The annual Fachkräftemangel

The annual computer show in Hannover, CeBIT, usually brings calls of “Fachkräftemangel” in the German news.  In fact, it has been that way for at least the past nine years – or so it seems.

“Fachkräftemangel” means a lack of qualified, trained – or what ever you want to call them – specialists.

And as in previous years, a whole debate starts up about taking on foreign workers to fill the jobs, that this apparently leaves unfilled.

Now, it is not as if I am against people from other countries working in Germany (which would make me rather hypocritical if I was), but I do question the reasoning behind it, both from a business and a social point of view.

According to Wikipedia there are almost 3 million people in Germany out of work, and I wonder how many of those would be only too happy to re-train to be get one of those unfilled vacancies.

The problem is that the companies do not want to have to re-train them.  They want people who can do the job straight away.  Either they do not want the  burden of training someone, or they are afraid that they will not stay with the company long enough to justify the cost.

To me, a simple solution would be to offer someone a job at a lower – but still reasonable – pay rate whilst they are in the training phase, and then give them a pay rise once they start working full time in the actual job.

But rather than that companies, in the IT industry at least, look for people will very specific skills and a certain amount of experience.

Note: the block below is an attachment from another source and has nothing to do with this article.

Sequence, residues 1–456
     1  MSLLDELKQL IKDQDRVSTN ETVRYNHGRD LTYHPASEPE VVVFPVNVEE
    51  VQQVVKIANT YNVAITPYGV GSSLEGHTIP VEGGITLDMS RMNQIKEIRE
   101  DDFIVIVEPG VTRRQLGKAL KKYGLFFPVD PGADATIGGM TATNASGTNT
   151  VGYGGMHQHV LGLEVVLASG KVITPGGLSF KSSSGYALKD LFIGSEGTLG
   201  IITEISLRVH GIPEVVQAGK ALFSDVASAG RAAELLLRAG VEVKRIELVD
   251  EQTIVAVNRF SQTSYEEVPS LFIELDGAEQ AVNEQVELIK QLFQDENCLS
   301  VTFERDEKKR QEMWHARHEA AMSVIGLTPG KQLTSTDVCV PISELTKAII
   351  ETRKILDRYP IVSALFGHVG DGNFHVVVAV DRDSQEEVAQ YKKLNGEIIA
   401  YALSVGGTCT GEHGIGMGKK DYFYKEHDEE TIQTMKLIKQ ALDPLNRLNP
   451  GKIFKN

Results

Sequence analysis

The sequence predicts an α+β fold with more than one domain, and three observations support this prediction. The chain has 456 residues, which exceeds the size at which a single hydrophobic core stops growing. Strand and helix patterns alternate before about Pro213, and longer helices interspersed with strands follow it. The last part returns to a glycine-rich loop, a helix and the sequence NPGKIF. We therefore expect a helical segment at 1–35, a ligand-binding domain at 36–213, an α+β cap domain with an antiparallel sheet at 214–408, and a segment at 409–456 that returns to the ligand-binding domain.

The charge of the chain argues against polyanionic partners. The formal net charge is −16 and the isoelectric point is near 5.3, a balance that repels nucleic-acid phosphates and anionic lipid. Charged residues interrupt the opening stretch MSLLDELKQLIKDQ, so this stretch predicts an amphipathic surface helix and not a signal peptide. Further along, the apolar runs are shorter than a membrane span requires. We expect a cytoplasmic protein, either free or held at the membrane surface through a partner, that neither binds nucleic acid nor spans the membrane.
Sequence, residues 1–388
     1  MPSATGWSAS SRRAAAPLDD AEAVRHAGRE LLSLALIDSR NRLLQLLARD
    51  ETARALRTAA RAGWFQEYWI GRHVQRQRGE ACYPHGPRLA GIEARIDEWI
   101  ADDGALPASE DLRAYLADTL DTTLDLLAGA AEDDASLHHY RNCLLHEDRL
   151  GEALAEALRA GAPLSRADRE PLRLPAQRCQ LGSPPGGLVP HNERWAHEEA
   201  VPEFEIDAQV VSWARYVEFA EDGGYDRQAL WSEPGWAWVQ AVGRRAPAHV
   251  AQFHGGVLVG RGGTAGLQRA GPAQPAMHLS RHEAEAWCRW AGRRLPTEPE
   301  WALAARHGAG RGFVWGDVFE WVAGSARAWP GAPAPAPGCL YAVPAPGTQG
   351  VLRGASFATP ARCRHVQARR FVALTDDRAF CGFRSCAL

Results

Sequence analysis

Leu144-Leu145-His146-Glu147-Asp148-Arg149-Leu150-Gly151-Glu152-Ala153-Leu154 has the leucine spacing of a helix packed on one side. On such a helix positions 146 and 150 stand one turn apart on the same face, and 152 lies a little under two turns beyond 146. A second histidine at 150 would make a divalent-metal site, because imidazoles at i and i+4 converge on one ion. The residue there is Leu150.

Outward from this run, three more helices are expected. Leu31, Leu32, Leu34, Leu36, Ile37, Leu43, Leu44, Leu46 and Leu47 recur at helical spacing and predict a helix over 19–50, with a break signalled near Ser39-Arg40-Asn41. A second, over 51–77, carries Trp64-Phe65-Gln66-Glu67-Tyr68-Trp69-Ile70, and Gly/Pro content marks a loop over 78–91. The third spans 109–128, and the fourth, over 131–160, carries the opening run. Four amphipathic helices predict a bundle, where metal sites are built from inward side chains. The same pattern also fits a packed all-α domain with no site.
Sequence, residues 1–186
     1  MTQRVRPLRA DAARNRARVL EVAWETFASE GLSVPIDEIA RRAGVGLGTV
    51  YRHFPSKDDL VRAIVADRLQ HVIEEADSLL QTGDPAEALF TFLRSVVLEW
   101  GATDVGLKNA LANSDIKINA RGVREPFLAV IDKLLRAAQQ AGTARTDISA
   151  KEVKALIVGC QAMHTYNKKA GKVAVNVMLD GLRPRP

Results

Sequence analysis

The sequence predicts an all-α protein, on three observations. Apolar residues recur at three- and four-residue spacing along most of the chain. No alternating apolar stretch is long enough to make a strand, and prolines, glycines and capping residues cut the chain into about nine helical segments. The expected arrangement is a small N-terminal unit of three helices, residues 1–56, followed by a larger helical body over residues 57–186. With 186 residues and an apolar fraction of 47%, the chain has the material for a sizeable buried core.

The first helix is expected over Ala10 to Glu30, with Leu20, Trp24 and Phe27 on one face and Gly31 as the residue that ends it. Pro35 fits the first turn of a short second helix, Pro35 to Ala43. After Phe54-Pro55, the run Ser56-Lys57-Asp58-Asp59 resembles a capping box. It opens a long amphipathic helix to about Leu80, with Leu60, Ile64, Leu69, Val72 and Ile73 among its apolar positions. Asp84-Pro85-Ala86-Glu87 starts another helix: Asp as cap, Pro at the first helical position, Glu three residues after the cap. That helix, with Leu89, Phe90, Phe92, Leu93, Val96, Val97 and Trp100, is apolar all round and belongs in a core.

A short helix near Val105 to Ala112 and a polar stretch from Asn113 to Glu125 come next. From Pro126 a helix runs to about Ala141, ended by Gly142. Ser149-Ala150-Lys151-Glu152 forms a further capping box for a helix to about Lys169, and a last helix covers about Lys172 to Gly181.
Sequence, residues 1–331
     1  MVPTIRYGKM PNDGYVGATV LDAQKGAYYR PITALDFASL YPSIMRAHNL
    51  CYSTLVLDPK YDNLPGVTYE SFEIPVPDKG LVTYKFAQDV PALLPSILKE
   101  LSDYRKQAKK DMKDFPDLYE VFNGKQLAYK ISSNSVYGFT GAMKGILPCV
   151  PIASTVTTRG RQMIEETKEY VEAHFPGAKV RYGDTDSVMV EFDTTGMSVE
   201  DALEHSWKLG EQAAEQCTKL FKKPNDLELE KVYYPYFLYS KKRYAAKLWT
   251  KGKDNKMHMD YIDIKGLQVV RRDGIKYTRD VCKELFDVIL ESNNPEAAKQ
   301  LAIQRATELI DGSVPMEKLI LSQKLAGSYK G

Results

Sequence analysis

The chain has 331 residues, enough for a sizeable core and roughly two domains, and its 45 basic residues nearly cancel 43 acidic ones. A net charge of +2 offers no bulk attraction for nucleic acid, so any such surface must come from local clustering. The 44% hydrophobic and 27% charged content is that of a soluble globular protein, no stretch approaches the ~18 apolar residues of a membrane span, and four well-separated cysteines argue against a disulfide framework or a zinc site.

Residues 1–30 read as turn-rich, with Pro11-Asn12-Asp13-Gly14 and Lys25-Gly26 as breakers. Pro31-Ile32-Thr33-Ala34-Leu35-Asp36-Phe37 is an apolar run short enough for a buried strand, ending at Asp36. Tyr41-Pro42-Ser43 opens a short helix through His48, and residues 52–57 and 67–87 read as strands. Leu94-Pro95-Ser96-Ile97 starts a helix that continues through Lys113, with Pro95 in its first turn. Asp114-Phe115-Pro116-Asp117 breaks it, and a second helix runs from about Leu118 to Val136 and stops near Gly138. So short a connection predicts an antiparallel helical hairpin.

They do not want a simple C++ programmer, who might have to expand their scope of knowledge to a different compiler.

They want a C++ programmer who has 5 years experience with a certain compiler, good English skills, and probably experience in the client’s industry as well for a pittance of a wage.  Not finding anyone for the job is then an excuse to either outsource the job to a cheaper labour market or to claim that there is a Fachkräftemangel.

I have even seen jobs advertised requiring more experience in a particular system than was physically possible, since it had not been on the market that number of years.  I think a creative personnel department might have been behind that one!

But before everyone starts work on their German CVs, a word of warning.  I was at CeBIT several years ago when Chancellor Gerhard Schröder talked about Fachkräftemangel in the IT industry and how foreigners would have be brought in to fill all the vacancies.

A week later I went to the job centre and introduced myself as a foreigner, who would like information on the IT vacancies the Chancellor had been talking about.  The lady behind her desk just laughed.  “We don’t have any here” was her reply.


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About Graham

Graham Tappenden is a British ex-pat who first came to Germany as a placement student in 1993, returning in 1995 to live there permanently. He has been writing for since 2006. When not writing blog posts or freelancing for the Oberurseler Woche and other publications he works as a self-employed IT consultant solving computer problems and designing websites. In 2016 he gained German citizenship.

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